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Brexit shock: the first two days

By: Tom Goodwin, Sr. Research Director

On Thursday, June 23, 2016 a referendum was held on whether the United Kingdom should leave the European Union or remain. The resulting vote to leave triggered a major sell-off of equities around the world, especially within the UK. Over the next two trading days of Friday, June 24 and Monday, June 27, the value of the FTSE 350 Index fell by over 7%.[1]

The markets have recovered some or all of their losses as of this writing, but I thought it would be instructive to drill down into the sector returns within the UK over those two days.

FTSE 350 Index and Industries (June 24-27, 2016)

Source: FTSE Russell. Data as of June 27, 2016. Returns are compounded over the two days and in GBP.

The first item to note is that two of the ten FTSE 350 Industries—Health Care and Oil & Gas—actually rose in value during these volatile two days. Health Care has traditionally been known as a “defensive” industry, one that sells products that people need to buy regardless of the business cycle, such as pharmaceuticals and medical equipment, and thus less susceptible to the effects of significant market movements. So perhaps the gains of Health Care were really no surprise.

That the Oil & Gas industry was in positive territory is perhaps more surprising, as Brent crude oil futures fell by 7.4% over the two days on weak global oil demand fears.[2]  But the result makes sense once one recognizes that many of the large multinationals in this industry have the bulk of their business overseas, where its revenue is insulated from both the UK economy and Sterling.

Crucial insights are provided by comparing the FTSE 350 Domestic and Global Exposure Indexes. These two indexes select stocks within the FTSE 350 based on the ratio of domestic/global sales revenue. Over the two trading days the UK-centric FTSE 350 Domestic Index fell by 20.86% while the overseas-heavy FTSE 350 Global Index fell by only 1.99%. Clearly, those companies with the greatest exposure to the UK economy were hardest hit by the Brexit shock.

Moreover, the pound fell by 11% against the dollar over the two-day period.[3] This meant that companies that relied on imports were hardest hit while those companies that were export oriented suffered less.

Consequently, the traditional distinction between the less sensitive “defensive” industries and risk-on “cyclical” industries that are more sensitive to the business cycle cannot explain all of the variation in returns. One also has to take into account exposure to the domestic economy and the pound as well. For example, Basic Materials and Consumer Goods are traditionally cyclical industries that one might expect market participants to flee from at a moment of economic uncertainty. But, while in negative territory, they still outperformed the broader FTSE 350 Index. That is likely because many of the companies within these industries have large overseas exposures as they include mining, metals, forestry, automobiles, and food producers.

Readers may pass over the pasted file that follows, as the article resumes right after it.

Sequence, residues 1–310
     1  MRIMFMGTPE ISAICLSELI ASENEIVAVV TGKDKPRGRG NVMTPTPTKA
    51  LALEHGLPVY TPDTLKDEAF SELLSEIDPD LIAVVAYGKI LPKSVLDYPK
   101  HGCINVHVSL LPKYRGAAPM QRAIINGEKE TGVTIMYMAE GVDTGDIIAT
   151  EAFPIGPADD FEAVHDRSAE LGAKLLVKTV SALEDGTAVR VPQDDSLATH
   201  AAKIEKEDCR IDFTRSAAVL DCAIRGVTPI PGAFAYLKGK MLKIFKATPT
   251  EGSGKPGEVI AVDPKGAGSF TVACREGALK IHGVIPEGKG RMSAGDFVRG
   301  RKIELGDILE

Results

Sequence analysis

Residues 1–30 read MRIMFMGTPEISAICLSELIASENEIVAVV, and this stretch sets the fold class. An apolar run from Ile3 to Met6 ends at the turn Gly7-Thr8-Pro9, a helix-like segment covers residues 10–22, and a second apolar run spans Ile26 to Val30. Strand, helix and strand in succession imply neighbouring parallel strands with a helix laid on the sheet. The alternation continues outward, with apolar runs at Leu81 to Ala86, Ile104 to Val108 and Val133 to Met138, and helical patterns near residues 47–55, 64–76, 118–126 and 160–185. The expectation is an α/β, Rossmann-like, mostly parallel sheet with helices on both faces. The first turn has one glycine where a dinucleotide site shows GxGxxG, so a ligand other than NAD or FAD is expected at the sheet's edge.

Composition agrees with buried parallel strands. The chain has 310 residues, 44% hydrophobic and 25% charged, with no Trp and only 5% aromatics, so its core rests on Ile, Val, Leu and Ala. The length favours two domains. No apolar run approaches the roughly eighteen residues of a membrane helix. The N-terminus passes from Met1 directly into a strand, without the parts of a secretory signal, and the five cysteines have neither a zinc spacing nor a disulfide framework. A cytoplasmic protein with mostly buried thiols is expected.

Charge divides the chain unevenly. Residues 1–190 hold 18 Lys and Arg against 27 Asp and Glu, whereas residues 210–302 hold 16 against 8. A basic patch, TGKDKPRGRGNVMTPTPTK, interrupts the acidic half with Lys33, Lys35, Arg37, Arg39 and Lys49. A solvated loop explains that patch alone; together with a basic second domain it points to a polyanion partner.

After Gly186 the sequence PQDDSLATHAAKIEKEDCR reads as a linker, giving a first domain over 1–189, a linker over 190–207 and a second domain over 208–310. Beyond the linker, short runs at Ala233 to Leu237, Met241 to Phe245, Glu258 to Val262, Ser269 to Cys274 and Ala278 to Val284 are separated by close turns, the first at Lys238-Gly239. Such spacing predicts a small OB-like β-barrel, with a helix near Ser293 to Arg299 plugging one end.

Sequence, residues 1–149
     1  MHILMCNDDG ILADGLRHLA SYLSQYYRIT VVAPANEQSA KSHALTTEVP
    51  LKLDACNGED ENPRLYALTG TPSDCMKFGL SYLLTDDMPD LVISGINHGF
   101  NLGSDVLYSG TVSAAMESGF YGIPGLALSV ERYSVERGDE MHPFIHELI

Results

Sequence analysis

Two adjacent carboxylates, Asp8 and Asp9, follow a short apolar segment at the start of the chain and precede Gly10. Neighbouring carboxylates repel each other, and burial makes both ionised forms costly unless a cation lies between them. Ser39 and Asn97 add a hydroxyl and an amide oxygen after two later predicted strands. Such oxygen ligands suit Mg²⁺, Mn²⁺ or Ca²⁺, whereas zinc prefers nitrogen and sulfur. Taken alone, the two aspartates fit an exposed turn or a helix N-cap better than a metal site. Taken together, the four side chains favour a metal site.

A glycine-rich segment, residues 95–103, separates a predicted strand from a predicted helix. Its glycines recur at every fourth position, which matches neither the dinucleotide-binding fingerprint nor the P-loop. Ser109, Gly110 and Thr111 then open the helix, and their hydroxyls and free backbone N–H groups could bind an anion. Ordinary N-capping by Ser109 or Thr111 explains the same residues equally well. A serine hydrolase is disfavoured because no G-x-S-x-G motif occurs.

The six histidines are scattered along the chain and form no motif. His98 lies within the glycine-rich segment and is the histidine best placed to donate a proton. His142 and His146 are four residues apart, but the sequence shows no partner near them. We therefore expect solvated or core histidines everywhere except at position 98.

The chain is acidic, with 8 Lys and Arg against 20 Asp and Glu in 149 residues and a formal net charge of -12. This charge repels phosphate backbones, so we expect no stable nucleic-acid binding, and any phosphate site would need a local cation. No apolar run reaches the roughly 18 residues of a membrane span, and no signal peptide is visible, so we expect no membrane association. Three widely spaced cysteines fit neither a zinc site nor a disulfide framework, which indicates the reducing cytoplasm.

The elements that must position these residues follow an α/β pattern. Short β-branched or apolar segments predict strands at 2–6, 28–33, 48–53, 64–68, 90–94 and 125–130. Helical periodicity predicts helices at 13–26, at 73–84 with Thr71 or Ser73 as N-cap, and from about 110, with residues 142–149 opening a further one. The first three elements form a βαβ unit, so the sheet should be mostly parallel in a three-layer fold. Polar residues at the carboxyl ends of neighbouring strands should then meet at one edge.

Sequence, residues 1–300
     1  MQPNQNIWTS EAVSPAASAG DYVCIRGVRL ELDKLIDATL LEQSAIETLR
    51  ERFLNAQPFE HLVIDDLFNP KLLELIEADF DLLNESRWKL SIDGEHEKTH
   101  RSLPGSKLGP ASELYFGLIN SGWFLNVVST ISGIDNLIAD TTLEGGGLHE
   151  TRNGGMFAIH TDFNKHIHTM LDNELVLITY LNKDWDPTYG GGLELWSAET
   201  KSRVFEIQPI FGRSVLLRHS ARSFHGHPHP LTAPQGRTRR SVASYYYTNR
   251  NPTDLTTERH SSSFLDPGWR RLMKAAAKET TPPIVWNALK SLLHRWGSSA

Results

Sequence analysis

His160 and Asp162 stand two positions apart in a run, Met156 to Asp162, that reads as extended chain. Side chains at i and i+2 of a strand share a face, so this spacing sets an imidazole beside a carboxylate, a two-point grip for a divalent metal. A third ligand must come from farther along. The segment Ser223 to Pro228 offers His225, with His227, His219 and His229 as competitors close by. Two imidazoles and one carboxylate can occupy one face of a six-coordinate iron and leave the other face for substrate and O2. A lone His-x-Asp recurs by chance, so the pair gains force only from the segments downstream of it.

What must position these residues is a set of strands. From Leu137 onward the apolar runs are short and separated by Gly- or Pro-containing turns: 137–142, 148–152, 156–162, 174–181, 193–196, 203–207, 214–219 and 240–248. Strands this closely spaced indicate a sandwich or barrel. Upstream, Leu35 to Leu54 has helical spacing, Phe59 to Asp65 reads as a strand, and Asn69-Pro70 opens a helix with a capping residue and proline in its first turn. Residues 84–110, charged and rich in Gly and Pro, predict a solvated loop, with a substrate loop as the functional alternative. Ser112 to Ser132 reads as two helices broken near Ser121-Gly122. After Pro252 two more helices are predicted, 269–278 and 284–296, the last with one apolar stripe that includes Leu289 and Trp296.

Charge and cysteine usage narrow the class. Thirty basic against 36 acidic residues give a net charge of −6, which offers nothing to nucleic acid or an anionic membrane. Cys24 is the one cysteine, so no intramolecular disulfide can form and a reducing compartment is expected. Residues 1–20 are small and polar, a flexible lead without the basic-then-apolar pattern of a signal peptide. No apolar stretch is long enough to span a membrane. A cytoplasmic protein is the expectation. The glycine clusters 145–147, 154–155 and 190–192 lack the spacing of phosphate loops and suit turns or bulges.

By the same token, the traditionally defensive industries of Consumer Services and Telecommunications underperformed the broad index. These industries include food and clothing retailers, media, travel and mobile phones, all of which generate major revenue from within the UK or depend on imports which will become more expensive if the pound continues to deteriorate.

Finally, a special mention should be made of the Financials industry, which was the hardest hit of all ten industries.  Financials include banks, insurance, real estate and financial services. The Banking “supersector” fell 16.36%, triggered by economic and political uncertainty as well as the prospect of interest rates being lower for longer.[4] Even harder hit was the real estate supersector, which fell 22.76% on uncertainties in the housing market.[5]

The aftermath of the Brexit vote will be remembered for a long time. The relative performance of industries turned on the mix of domestic and global revenue, the exposure to the pound, and whether the stocks within the industry were defensive or cyclical. What direction the market takes from here is anyone’s guess, but it’s a reasonable conjecture to say more volatility is likely.


[1] Unless otherwise noted, the data source throughout is FTSE Russell. The FTSE 350 Index includes the 350 largest stocks by capitalization trading on the London Stock Exchange. It includes a diverse mix of large cap and mid cap stocks, and multinationals along with exclusively domestic companies.

[2] Brent Crude contract for September 2016 traded on ICE Futures Europe. Source: Wall Street Journal online edition June 27, 2016.

[3] Source: Wall Street Journal online edition June 27, 2016.

[4] Martin Arnold, “RBS reprivatisation faces 2-year delay due to Brexit share price fall,” Financial Times, July 4, 2106.

[5] Emily Cadman, “Brexit uncertainties fuel pessimism in the housing market.” Financial Times, June 29, 2016.


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